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THE MELTING POT' IS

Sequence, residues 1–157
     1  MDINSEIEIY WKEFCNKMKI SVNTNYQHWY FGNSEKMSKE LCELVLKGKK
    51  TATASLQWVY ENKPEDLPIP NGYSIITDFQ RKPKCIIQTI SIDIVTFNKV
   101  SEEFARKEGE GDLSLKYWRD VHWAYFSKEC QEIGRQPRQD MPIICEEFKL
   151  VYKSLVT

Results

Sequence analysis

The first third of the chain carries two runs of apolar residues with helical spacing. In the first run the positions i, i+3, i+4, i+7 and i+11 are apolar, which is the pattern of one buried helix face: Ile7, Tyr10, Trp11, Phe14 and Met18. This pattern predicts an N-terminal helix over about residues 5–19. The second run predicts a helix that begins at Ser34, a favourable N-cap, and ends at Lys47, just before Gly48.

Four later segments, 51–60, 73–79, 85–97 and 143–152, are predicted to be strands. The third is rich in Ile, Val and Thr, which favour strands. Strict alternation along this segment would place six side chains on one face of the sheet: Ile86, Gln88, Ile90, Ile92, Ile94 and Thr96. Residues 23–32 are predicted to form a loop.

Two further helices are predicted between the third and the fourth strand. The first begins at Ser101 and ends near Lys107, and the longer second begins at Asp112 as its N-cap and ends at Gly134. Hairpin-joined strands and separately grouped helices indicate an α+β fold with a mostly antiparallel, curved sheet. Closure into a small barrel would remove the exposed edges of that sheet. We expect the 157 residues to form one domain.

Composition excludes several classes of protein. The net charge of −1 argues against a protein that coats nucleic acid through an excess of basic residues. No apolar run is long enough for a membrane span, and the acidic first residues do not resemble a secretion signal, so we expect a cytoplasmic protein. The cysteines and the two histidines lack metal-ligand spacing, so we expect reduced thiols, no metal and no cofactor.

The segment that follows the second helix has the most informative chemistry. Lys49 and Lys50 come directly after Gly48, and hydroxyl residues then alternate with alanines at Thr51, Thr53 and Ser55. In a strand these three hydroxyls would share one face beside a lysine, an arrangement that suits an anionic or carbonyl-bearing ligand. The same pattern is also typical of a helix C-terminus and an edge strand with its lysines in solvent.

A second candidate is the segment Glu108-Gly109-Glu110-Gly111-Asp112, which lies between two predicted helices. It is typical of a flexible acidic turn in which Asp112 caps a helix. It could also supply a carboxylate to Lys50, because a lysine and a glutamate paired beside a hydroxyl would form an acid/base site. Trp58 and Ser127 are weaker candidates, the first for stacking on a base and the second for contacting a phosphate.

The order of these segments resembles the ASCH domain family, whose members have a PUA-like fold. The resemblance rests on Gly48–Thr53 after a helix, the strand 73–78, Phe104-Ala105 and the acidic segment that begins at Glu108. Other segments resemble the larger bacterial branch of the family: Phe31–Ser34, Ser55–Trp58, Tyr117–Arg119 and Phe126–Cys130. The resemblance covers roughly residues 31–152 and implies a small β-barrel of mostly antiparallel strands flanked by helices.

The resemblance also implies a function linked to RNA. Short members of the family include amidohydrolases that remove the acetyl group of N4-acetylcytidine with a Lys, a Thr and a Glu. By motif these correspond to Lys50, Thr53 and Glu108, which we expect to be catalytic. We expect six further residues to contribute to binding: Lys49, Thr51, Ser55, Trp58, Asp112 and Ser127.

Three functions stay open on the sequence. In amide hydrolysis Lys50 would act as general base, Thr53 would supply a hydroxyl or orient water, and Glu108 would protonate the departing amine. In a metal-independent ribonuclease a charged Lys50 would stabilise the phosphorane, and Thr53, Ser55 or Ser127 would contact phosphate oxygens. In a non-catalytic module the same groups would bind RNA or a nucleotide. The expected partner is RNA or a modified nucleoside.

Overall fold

PLAY FOR ALL PEOPLE Treats of Great fheme of the New American Race in Its Making SHIRLEY OLYMPIUS Whether you be Jew or Gentile, Christian or pagan, believer or atheist, rich or poor, high or low, Socialist or reactionary, aristocrat or plebeian, go see "The Melting Pot" at the Majestic this week. Tou will come away a bet ter citizen, a truer patriot, a more hu man and sincerer individual. Hut you'll have to think to bo benefited, just as you have to exercise to be mus cular, for "The Melting Pot" Is not a play for silly sentimentalists or pismy brains. It is for these who desire bet terment, those who desire to share in the great uplift of humanity. Your ears will certainly be phased with the music of eloquent speeches, and your eyes will certainly be delimited by the matchless magic, Oi exquisite acting. But you will gain no lesson unless you are willing to think. And possibly you •will not think you are thinking. Maybe the greatest, the deepest and the host thoughts will come after you have left the playhouse and have even rested a night. But if you have a brain and you wish to use it don't fail to see Walker "Whlteside and his co-players present "The Melting Pot." Israel Zangwlll has taken a theme— the amalgamation of the races In the making of tho American—which a lesser genius would hardly dare at tempt. He has made Russians and Jews the basic characters. But lie might as easily have taken German and Italian, French and Norwegian, as Russian and Jew. He has given an answer as to what could and should be done with the immigrants who are Keeking refuge in this groat country of ours. Some may say that Mr. Zang ■will's answer is too advanced and is based upon individuals too much. That Is for the years of tomorrow to de termine. Suffice it to say. Mr. Zang will has written a great play which grips one with Its intensity, its plaus ibility, Its eloquence and the magni tude of the property It carries. Of few, too few, plays may It be said that they contain leal eloquence. More often are they grandillquont. Much of the dramatic philosophy Is mere sophistry. But not so with "The Melt* Ing Pot." It is sincerely eloquent, con vincingly logical. To many the story of "The Molting Pot" is familiar, but it will boar repeti tion. In "the molting pot" of New York city are cast David Qulxano, a Russian Jew, who has fled from his home, and Vera Revendal. He Is a musician, she a settlement workor. By his playing first and hi? personality af terwards, he attracts her to him. It is almost a case of love at first sight for these two. She seeks him out in his home, and there for the first time loams that he is a Jow —a great shock to her, for she is the dnughtor of a Russian nobleman and has been taught all her life that Jews are to be despisod. But she overcomes this feeling of re pugnance and does all In her power to aid the young musician. She herself has been a radical In Russia and has even been arrested and only escaped Siberia by fleeing from prison. She nnd David toll thtlr love, he departs from the traditions of his race and she from hers, and their wedding Is plan ned. There is a young American mil lionaire, Quincy Davenport, who loves Vera, and doos all In his power to lirenk up the match, and finally per suades Baron Revendal, Vera's father, to come to this country to prevent the marriage to David. Baron Revendal, it appears, was the man who com innnded the Russian troops who shot down David's family at Kischinef, and It is the baron's face that constantly recurs to the young Jew in the horrible vision of the massacre. The baron de mands that his daughter shall not marry David, but she insists nnd brings David and her father together. When David realizes that she is tho daughter of the man who has brought all the unhapplness upon him, he turns from Vera and goes back to his people, de claring that nothing can bridge the 6ea of blood which llei between them. He goes his way and she hers but the closing act brings the two together again, both "pioneers on the lost road to happiness." Walker Whiteslde illumines the role of David with the light of genius and great art. He convinces one In a man ner few actors are capable of. it is n rare treat to see him, or rather to feel the magnetism of his acting. His description of the massacro is unfor getable. His manner betokens a hid den sorrow which is held in check only by a desire to rise, always. If Florence Fisher had no talent beyond her musical speaking voice she would i be entitled to high praise. But she. J lias fresh beauty anil emotional ability, j nnd she displays It in a manner which : leaves little to be desired. Her Vera i Revendal is a delicately penciled dra matic portrait which will not soon be effaced from one's memory. There are other characters portrayed in a manner befitting Mr. Whlteslde's characterization of tho unfortunate Jew. For instance, Robert Whlt worth's Quincy Davenport, Dore Da vidson's Mendel Quixano and Hubert j Wilkes' Herr Pappelmeister, Louise Muldener's Fran Quixano, Leonora yon Ottinger's Baroness Revendal and Alice May's Katherlne O'Reilly ea/fh Is a dramatic gem. And last towers Will D. Corbett's Baron Revendal, a careful study and a wonderful char acterization of tho harsh, bigoted aris tocrat whose slaying of innocents is deemed a duty. Again I say, see "The Melting Pot." It is a play for all people. • • • "The Substitute" is a delightful com edy, light and frothy, with toui ' farce here and there to make it moro enjoyable, and was built for tho pro verbial "tired business man," and the woman who thinks she is tired, but is simply mentally slothful. All the types dear to the two mentioned classes are to be found in "The Substi tute," therefore it pleases tho audi ence immensely. The comedy is di verting and seems to fit nicoly tho mood of most playgoers those hot afternoons and enervating nights. While In the main "The Substitute" is well acted, there aro times, especial ly in the fir t two acts, when the en tire company sa\. Byron Beasley seems to be off tho dramatic key, and when thi action drags slowly. Max Figman enacted the role of James Smith In a farce-comedy vein. And Max Figman is one of the few men on the stage who can be farcical without being ludicrous. Othor members of Mr. Flgman's company played ihoir roles more or less seriously, that Is to .say. in a high comedy manner, The contrast made Mr. Plgman'a person ality stand out prominently. Bui the Burbank players depart n bit from the Figman method. Mr. Bi isley fol lows Figman's load, but Rome of the other members of the company refus • to take their roles seriously and play them In that manner. The fault Is not vital to the success of the production, as ni seen yostorday afternoon, when the audience was In an uproai most of the time. Mr. Beasli y was quite delightful as James Snath, lawyer and Will Offer Catchy Songs and Clever Dances at Los Angeles C.VRRUS RYAN AND GEORGE BTOKKS pseudo-minister, and surprised many by showing a deep understanding of light comedy. He resorted to no tricks to bring out the laughs, as they say in stage parlance, but compelled merri mont by his own acting and person ality. Marjorta Rambeau was prop erly demure, properly pretty, properly gownod and properly lachrymose as the daughter of the misjudged old par son. The role Is one which calls for the freshness of youth, and Miss Ram beau has that in abundance. Though his role was small Jack Bolgrave made an individual hit as Adolphe, the cos tumer. Mr. Belgrave suited dialect, actions and makeup exactly to the character of the bourgeois French man. Grace Travers as a much mar ried woman with a theatrical past, whose desire for the nice things of life led her to knock for admission to a prison, was convincing. Ethel yon Waldron was delightfully ingenue as Holon Smith. Florence Oberle as the parson's sister and housekeeper was stiff, amateurish and out of her ele ment, David Landau as the district attorney satisfactorily enacted a role wherein he portrays a sort of half cad, half villain. Others in the cast filled In the empty spaces properly. • • • Al Lawrence, "The Prince of Good Humor," will be the particular star of the new Sullivan & Consldlne bill which opens at the Lor Angeles thea ter this afternoon. He Is one of the few real comedians now appearing in vaudeville, and his success all over the Sullivan & Consldlne circuit has been instantaneous. Lawrence was for merly tho star of the Grace Cameron opera company. He has a line of jokes, patter and imitations which he j hands out in a rapid-fire way that gives his audience no chance to stop laughing. Lawrence is not the only stellar at traction, however, for the new bill con tains the names of Grey and Peters, one of the funniest and most daring cycling acts now on the stage, and Williams and Weston, the German aristocrats, who offer a line of talk a la Roll, and Dill. Both of these acts are well known wherever vaudeville plays a part in amusement. Othor acts on the new bill are Stokos and Ryan, two clover young entertainers, in eccentric dunces and timely songs; the Fasslo trio of sensational Euro pean equilibrists, and Rawson and dare in their original novelty called "Yesterdays." • • • The Ferris Hartman company will commence rehearsals this morning on the Grand opera house stage for "Mary's Lamb," Richard Carle's fa mous musical comedy hit, in which Comedian Hartman will open bis sea son of music, fun and girls next Sun day afternoon. With the arrival yes terday afternoon of J. A. Raynes, who will again wield the baton over the big Hartman orchestra, every member of tho company is here, with the excep tion of Mr. and Mrs. Hartman, who are now on their way from New York city. A force of workmen will commence this morning on tho work of redeco rating the interior The house, inside and out, will present a brand new ap pearance before the opening next Sunday. Tho beauty chorus this year will be bigger than ever, as will also be tho 1 orchestra, and one row of seats will be taken out In order to accommodate ixtra players. Tho plays given during tho season will bo selected fr"in among tho best of the latest I metropolitan successes. The sale of will open Thursday morning. • • • i The f)irton stock company reopened the Empire theater on Third street rda: afternoon with a spectacu lar production of Charlps P. Taylor's well known play Buccess, "Fallen by ih« Wayside." Tho theater has been prettilj decorated and made into a cozy little playhouse admirably suited to melodrama. Although there is not quite tho stage room to bi found al the Grand, tbe production yesterday was satisfactory from every standpoint and was given a rousing reception by a big audience. "Fallen by the Wayside" ts an inter esting play from curtain to curtain, and although it is minus the guns, | shooting nnd other elements that usually furnish the excitement In mel odrama. It h:i» plenty of thrills and excitement produced by spectacular scenic effects and riot by bullets, It Is a play with a moral in which Jeal ousy and liquor play an important part in d( Htroylna; an artist's home. causing his wife to run away with the "heavy /nan" and leaving the nrtist, Thomas Lindsey, n drunkard. There ari many big situation and strong climaxes, and nrt< r eight biar scenes the story has a most satisfactory end imr for everybody, and every one leaves the theater with a pi tiste in his mouth As the artist's wiio Iva Shepard rloo* some, strong and convincing emotional acting, and Roy Roiithorhiriii appears to much advantage as the -irti?t, Thomas Lindsey. Chester Btevens, as usual is the villain who makes himself thoroughly disliked and gets loudly hlsgoi, and finally dies from excessive drinking, while Lillian Hay ward plays tho part of the adventuress, Kate Warren, Gertrude claire has another j ,od character part of Mary Malone, i 1 Bowery bud, and a.s usual succeeds in keeping her audlcnco in good humor LOS ANGELES HERALD: MONDAY MORNING, OCTOBER 10, 1010. every minute she Is before the foot lights. • • • "The Eternal Three," which will be given Its premiere at the Burbank next week and which Manager Mososco pur poses making one of the dramatic events of the year, will go into rehear sal at the Burbank today. It would give a New York company a shock to think of staging a new play within one week of \he first rehearsal, but stock companies work differently, and that is the reason that so many authors are anxious for the opportunity of having their output staged in Los Angeles. At the Burbink as finished performances are given after only a woek of study as are usually given by companies out an entire season. For this reason a premiere is of groat Importance, as it shows absolutely tho possibilities of tho production. If "The Ec-ternal Three" boars out the optimistic expectations of those interested it will create a big sensation. • • • Highly diverting ought to be the Orpheum program which will open at the matinee today. Heading it is one of the funniest skits of today, yclept "High Life in Jail." In It a group of high financiers and others who are incarcerated are enabled to organize themselves Into a sort of club in duress, tbe while they wear their stripes in swallow tall, have billiard!", pool, cards, champagne and other diversions of the ultra rich. Ramoses, the Egyptian wonder worker, is an Orpheum im portation, and abroad is looked on as tho greatest of all magicians. Tho Four Rianos aro not unknown, but will be welcomed back In their laughable skit, "In Africa." Covlngton and Wil bur will present a sketch. "The Par sonage." wherein they depict seven characters by means of rapid changes. The giant Auger nnd his company in "Jack the Giant Killer," Kalmor and Brown, the Artois duo, and the Bison City Four, with new motion pictures, complete the bill. The second week of "Fifty Miles from Boston" will commence tonight with Lewis S. Stone and the others of the Belasco company in the roles in which they scored such pronounced in dividual bits last week. Several now musical numbers will be introduced, and Miss Tannohill. in particular, will offer some exceptionally good songs. • • • Instead of commencing rehearsals Tuesday for next week's play, as is tho custom at the Belasco, tho work of pro paring for "Zirl" will start this morning with Eleanor Gordon, the new loading woman of tho Belasco company, anxious to begin her local career as tho heroine of tho J. Hartley Manners' play that made Margaret Antrim a star of recognized worth in New York a few son sons ago. "Zira" is regarded as affording an nctress with emotional talents vastly better opportunities than almost any other similar play, and in selecting this piece as tho Initial offering Cor Miss Gordon tho Belasco management took into consideration the fact that "Zira" not only holds splendid chances for ef fective and compelling emotional act ins;, but there are moments of pathos that aro not to be found in any other dramatic work of recent product. The local mall carriers will have their sixth monthly benefit at the Belasco tonight. • • • Rose Stahl will open an encagemer' of one week, commencing tonight, and will make her farewell appearance in 'The Chorui Lady." tho comedy by James Forbes, author of "The Com muters" and "Tho Traveling Sales man," at the Mason opera house. Since her last engagement in Los Angolos Miss Stahl has scored many triumph* as Patricia O'Brien, queen of the 1 chorus. "The Phorus Lady" dealfl with a chorus Kill who In vernacular and bearing Is like the macnzine type of coryphee, but who is nt heart a very wise grlrl. Her attempt to shoulder the actions of a foolish yoiin^r sister for a time puts her in a very bad light with her friends and her sweetheart, but all difficultifs are tinnlly cleared away, leaving Patricia in the arms of her Dan. The remarkable second act dressing room scene is still the sensation of the piece, as It reveals the chorus dressing room of a New York theater, with a pcore or more of plrls preparing for the eveninpr performance. Pantmres theater will becin Its third wick this nfternoon with an attractive bill The headliner will he the Four ReftalH, a remnrkfibie Ptrcnpth team, in which the quartette show how much power can be developed in the Jaw mjuscles. The Six Musical i^plllers arr> ii sextette of darkles playing divers musloil Instruments, while Parts Green, a .lever monoloelst with ffieen t>>Ks, shoes, hat, tie and hose; Cameron and fjnylor in a comedy sketch; Chester and Jones In a novel dancing act, and comedy motion pictures fill out the rest ,f tli.' bill. "Our New Minister" will becln a week's enpnKeme.nt at the Auditorum tonight. The play is full of life, through which runs the scarlet threads of lausrhter, the gray of pnthos, nni the, white of Rood deeds. Prom these variegated strands the authors, Den man Thompson nnd Georpe W. Kyi r, have woven a tapestry of humor, love fimf kindness that touches the heart and eye alike > Society In honor of her guest, Mrs. John Kelser, a recent bride from Galveston, Tex., Mrs. X* P. Paulson of 1827 Fifth avenue will entertain with a luncheon Thursday afternoon, taking her guests to the Uelasco theater afterwurds. Mr. and Mrs. Rufus King Tabor of Pasadena announce the marriage of their daughter, Mls3 Elizabeth Tabor, to Raymond Chalmers Hill. The cere mony was read Tuesday evening In.the chapel of the First Presbyterian church in Pasadena. After a wedding trip Mr. and Mrs. Hill will make their home In Pomona, where Mr. Hill is engaged in business. Mrs. Harry Barron of 3033 Fairmont avenue will entertain with a 'miscel laneous shower and luncheon Tuesday afternoon In honor of Miss ' Stella Green, whose marriage to C. E. Brock man will bo solemnized early in Jan uary. —$ — Mr. and Mrs. D. Gager Peck, who cel ebrated the fiftieth anniversary of their wedding recently, will be at home to their friends^at 1601 Orange street the third and fourth Fridays in October. -♦- Miss Mona Botst'ord, daughter of Mr. and Mrs. W. F. Uotsfurd of 1213 Orangro street, will leave for a trip to Chicago and Washington Sunday, Oc tober 16. Miss Botstord Is most tal ented, was graduated from the Cum nock school in June, and will remain In the east until after the holidays. Mr. and Mrs. Fred Baker, Mr. and Mrs. Milo Baker and Miss Marjorie Baker have returned from a two weeks' visit to the Coronado. Mrs. E. C. Thompson of Brent street, who has been passing six weeks visit ing in San Francisco and Oakland, returned home last week. -♦- Miss Muriel A. Whttehouse, who has been visiting her cousins, Mrs. F. M. Eerger and Airs. V. N. Keed, left for New Orleans, where she will take the steamer to New York. Miss White house is planning to reach her home in Boston, Mass., Christmas morning. Mr. and Mrs. Horace Burton King have returned from their wedding trip and are domiciled for the winter in the McDonald apartments in West Sixth street. Mrs. King will be re membered as Miss Angel Miles. Miss Jennie Shane of 192:; Montrose street is visiting Miss Margaret Wright in Long Beach for a few days. -*- Mrs. J. G. .Bullock and her two daughters. Misses Helen and Marga ret Bullock, are visiting in Ontario, Can. They will be away tor three months. In honor of Miss Florence F. Pro vard, Mrs. Frank W. Kichards of 1u27 Valencia street entertained ivHli a card party recently. The house was decorated with vines and chrysanthe mums, and the guests included Mrs.' Eilson Williamson, Mrs. Oscar Bryn, Mrs. F. A. Stephenson, Mrs. Koland Crocker, Mrs. James Fredericks, Mrs. S. A. Butler, Mrs. J. W. Provard, and the Misses Lucy Cope, Kola Adams, Margaret Rimpau, Anita Dietz, Helen Trevso and Florence Chase. Mr. and Mrs. Alexander Hamilton of Cimarron street are traveling through the east and Canada, and will not return until next month. Mrs. Dolly Morris of North Flower street entertained with a ■masquerade recently in honor of Miss May Foron, who will leave in a short time to make her home in Phoenix. Kach guest was required to perform some humorous part, and the prizes were awarded to the ones who received the most votes. Among the guests wore Mrs. T. B. Glazebrook, Mrs. d. B. Merriam, Mrs. C. F. Kelso, Mis. M. Yeazell, Miss Het tie Glazebrook, Miss Essie Shime, -Miss Jel Greenwood, Miss Nina Greenwood, Miss Daley, Miss Chamberlain, Miss Smith, Miss Stern, Miss M. E. Thatch er, Miss Edna Jones, Miss Augusta Strong, Miss Mary Curtiss, Miss Ag nes Boyd, Miss Anna Squier, Miss Mary Holmes, Miss Antonette Hoff man, T. B. Parker, U. S. N.; T. S. Wade, U. S. N.; P. A. Merrium, U. S. N.; Fred Babb, Charles Kelso, O. E. Lean, F. M. Compton, E. J. Feaggett, E. Slaughter, C. W. Daley, A. A. Brock, U. S. N.j J. C. Milier, Dr. A. H. Jones, Leo Wentworth, Mrs. Ket tle, Mrs. Dela Kier, Mrs. C. W. Golden, Miss Elfa Orr, John Ferrill, Walter Calkins. Leo Baumberger, Albert Khoades, Jesse Hibbard. —*- Mr. and Mrs. Herbert Peery, who have been passing the summer at Ocean Park, are domiciled for the win ter at the Burlington apartments. .Mrs. Peery will be remembered as Miss Maude Moira Park, whose wedding was solemnized early in the summer. 'BY-PRODUCTS OF LIFE,' NEW RELIGION'S CONCERN In his serrtion at the First Unitarian church on "By-Products in Religion and Life" yesterday morning Rev. E. Stanton Hodcin said: "What is regarded as a useless and dangerous by-product today becomes a highly useful possession tomorrow. Gasoline, once the most useless and dangerous by-product of petroleum, is today most useful and valued, driving our carriages with a speed and an ease hitherto undreamed of, and giving us wings so we can fly over the Alps and the Pyrenees with the ease of a bird. America, discovered as the mere by product of Columbus' endeavor to iind a western route to Asia, is becoming the center of the world's commerce and culture. "The 'refuse' of society, the 'sub merged tenth,' the 'outcast' and the 'under dog' element constitute n human by-product far more worth redeeming to useful service than gasoline and coal tar, and we ought to have the ingenu ity to lind the value in the one as we have in the other. The work of the new religion should be in finding the value in things heretofore feared and de spised. Instead of trying to beat back and subdue and repress the pas sions and desires and appetites as re ligion has tried to do in the past, it ought to call them all out in the fullest possible measure and direct them into useful avenues of service. • "Every passion and impulse and de sire that rises to the surface in human life is a dynamo for Divine power, if we only knew how to correctly use it. A criminal is one who, failing to find a congenlol evenuo for service, directs his energy along any destructive line his attention is fastened upon. It may be largely his fault, but if our human so ciety could be so organized that instead of forever trying to repress and cur press, it would call out and direct into satisfactory lines of service all our human passions and Impulses and de- Hires, criminals would be few and far between and the suffering plague spots of our present day society would rapidly disappear." Attractive Young Matron from the South Who Will Be Much Feted MK-v JOHN KIvI.SK.K W. C. T. U. Department IF LINCOLN HAD LIVED-WHAT7 There are no aspects of Lincoln's lite in which he is not seen conspicuously standing- In principle above the stan dards of the time in which he lived, as physically his tall form loomed above those around him. And in all circumstances his fearlessness brought him to the front to express what both his sentiment and conscience dictated; even as when in a southern city the uncouth young boatman of the Missis sippi, beholding slaves auctioned on the block, declared, in indignation, that he would strike slavery hard if his chance ever came, and in after years made good what surely seemed a rash and dangerous declaration when uttered. So his attitude on the question of intoxicating drink — before sentiment against its use U«d been educated in the states of the then west— though still a boy of but 17 years, he not only felt that he must enter agitation against the deeply-grounded habit of many centuries, but at that early age made pleas so strong against the curse of drink that it has been acknowledged that none stronger have been put forth in the years since. A lecturer at 17? No wonder the question is asked in astonishment! In matured years when delivering lec tures on the drink evil his early pro duction was still used by him as one of his favorite addresses. In quotation from the "Cyclopaedia on Temperance," published in 1891 by Funk & Wngnalls, it is shown Indis putably how much Lincoln's thought and habit were against the use of in toxicants. We quote: "Throughout his career Lincoln was a total abstainer, and his sympathy with the most radical temperance ideas and the demand for the severest legislation was strong and apparently underwent no change. This can bo demonstrated as satisfactorily as any other claim respecting the tendency of his less conspicuous non-official utter ances and action. "Rut since his total abstinence and prohibition sentiments were delivered in local and unlnfluenti.il meetings in the obscurity of the west, during a period of his life when no special sig nificance attached to his views; since the anti-liquor work in which he took part was wholly educative, and had no political developments; and since the temperance cause suffered almost complete eclipse in the years of his national prominence, most of his biographers have failed to give special attention to this feature of his record. "It has always b»en known to those particularly Interested in total ab stinence that Lincoln was a supporter of their principles; but no effort was made to ascertain the strength and ex tent of his sympathy until recent bold forgeries by the unscrupulous defend ers of the drink traffic led to investi gation Lincoln's private secretary Yosemite National Park and Mariposa Big Trees Special Excursions October 8, 9,10, 11 and 12 Tickets will be sold at reduced fares from all points in California, return limit October 31, account Indian Fandango and Festival. Be on hand to see the spectacular war dance by Digger and Piute Indians. Exhibition of basket and bead work and many other inter esting features. , dbk ,,i SHL Los Angeles $26.80 Information and booklets "W ""'" *=* at Los Angeles offices, This is the ideal season. Beautiful Autumn 600 South Spring street foliage, clear, pure mountain air. Dustless and Arcade station, Fifth stage roads.' Grand panoramic views from and Central avenue. Glacier Point and Summit of bentinel Dome. coS do enre ff, kc m E- Southern Pacific JULIA A. GARRISON and biographer, / John Nicolay, pro nounced them all spurious. "F. B. Carpenter, In his little book, 'Six Months at the White House with Abraham Lincoln, 1 lias this account of the manner In which Lincoln received the intelligence of his nomination to the presidency by the committee from the Republican convention of June 19, I860: " 'In pleasantry he remarked, at the close of the Important interview, that he supposed pood manners required that ho should treat the committee with something- to drink; and, having called "Mary," the girl, in response to a few words In undertone from Lincoln, returned with a large waiter with empty tumblers and set it on the table before the party. Mr. Lincoln gravely rose, laying! Gentlemen, we must pledge our mutual health in the most healthy beverage I have ever used, or allowed in my family: and I cannot conscien tiously depart from it on the present occasion. It |j pure Adam's ale from the spring." And taking a tumbler he touched it to his lips and pledged them his sincerest respects In a glass of cold water. " 'All the gentlemen were constrained to follow his example.' "In 1861 President Lincoln signed an act of congress providing: " 'That it shall not be lawful for nny person in the District of Columbia to sell, give or administer to any sol dier or volunteer. In the service of the United States or nny person wear ing the uniform of such soldier or vol unteer, any spirituous liquor or In toxicating drink: and every i>erson of fending against the provisions of this act shall be deemed guilty of a mis demeanor and upon conviction thereof before a magistrate or court having criminal jurisdiction shall be punished by a fine of $25, or imprisonment for thirty days.' "And In ISG2 he signed a further act that intoxicants bo abolished In the United States navy as a beverage. "In speaking to a committee of the Sons of Temperance, who visited him a year before his death, he said: 'I use neither liauors nor wines. They are not served on the White House table. There are. none in its cellars.' " Almost the last utterance of Lincoln on the morning before* his assassina tion, April 13, 1865, was as follows: "After reconstruction the next great question will be the overthrow of the Honor traffic." The "great question" la still unset tled, although nearly half a century has passed since the martyr, Lincoln, uttered that prophecy. Had he lived the "victory" of which he spoke would have been nearer realization than when he uttered these words: "And when the victory shall be com plete when there shall be neither a slave nor a drunkard on earth—how proud the title of that land- wblch may truly claim to be the birthplace and the cradle of both those revolutions Club News The first meeting of the Women* Collegiate association was held Situr day at the Hollenbeck hotel. Luncheon was served for about sixty members at the association, und the special table topic for conversation was Ibsen. Fol lowing the luncheon there was a pro gram which lncludod two violin solos by Ralph Wylle, a talk by Miss Mor gan on modern drama with particular attention to Ibsen's women nnd an in teresting description by Miss Mnry Putnam of the Now theater in New York. The next mooting of the association will be hold the second Saturday in November, and Mrs. Donvcr Mackle, the president, and the members of the program committee are planning o de lightful program which will probably take tha form of a musical. Mrs. David Chumbprs McCan is to mnke the address for the opening meet ing of the Altadena Woman's club next Thursday. This club Is a lnrgo one, composed of about 100 members, and the president, Mrs. Adellla B. Story, has asked Mrs. McCan to describe some of her experiences in India and China for the entertainment of the club mem bers and their guests. The first session of the Woman's Proes club for the season will bn held in the Woman's club house Tuesday at 2:30 in the ufternoon. It will be a shop talk session, the topic under dls- OUMton being "literary Marketing." Letter! from editors and authors will be read, and several well known writ ers will discuss the subject. Mrs. Sid ney Budgett (Elizabeth Degeans) will be one of the speakers. POLICE THINK CHINESE PLOT HAD LOCAL END Prince Hsun Attack Known in Los Angeles Chinatown Half an Hour After Event The fact that news of the attempted assassination at Oakland mole of Prince Hsun, uncle of the Emperor of China, by George Funs, a Chinese revolutionist, was known by local Chinese members of Young China so ciety of revolutionists in this city with in a half hour after the attempted crime, has started an Investigation by members of the local Chinatown squad into the theory that Fong acted as the ! agent for a widespread conspiracy in volving Chinese revolutionists in a number of coast cities. The police of San Francisco believe that Fong's at tempt on the life of the prince was in stißated by other members of the Young China society, although the as sassin himself declares that no ona else was inolved In the matter. Local officers are attempting to trace down clews regarding the alleged conspiracy in this city. It is known that a few minutes after the failure of tl s attempt on the life of Prince Hsun, won! was received by a number of the most prominent mem bers of the Young China association here to that effect. They had knowl edge of the affair before the press dispatches with the tiews arrived. The officers on the Chinatown de tail were told by Chinamen of the attempted murder and of its failure the same afternoon it occurred. As soon as it became apparent to the local offi cers that many members of the society were aware of the attempt on the life of the prince a rigid watch was kept for any demonstration on the part of the local Chinese. Nothing has thus far transpired, however. The members of the Young China society, the revolutionary body of the Chinese empire have no regular or ganization here as in the north. They are, however, great in number, and as they are mostly native born and fairly .well educated Chinese, they are. according to the officers, the hardest to control and at the bottom of much of the trouble which Is constantly breaking out in the Chinese quarter. ♦ »♦ 'TWOULD BE UNBECOMING "One hundred years ago today," ac cording to the St. Louis Republic, "mn.ny persons wore of the opinion that the national government was becoming an oligarchy." And in the year of our Txird, 1910, many still hold to the same opinion. It appears to be a case of always becoming but never "became." —Brookfleld (Mo.) Gazette. that shall have ended In that victory." William H. Taft is another president who is an abstainer. He says: "He who drinks is deliberately disqualify ing himself for advancement. Person ally, I refuse to take such a risk. I do not drink.''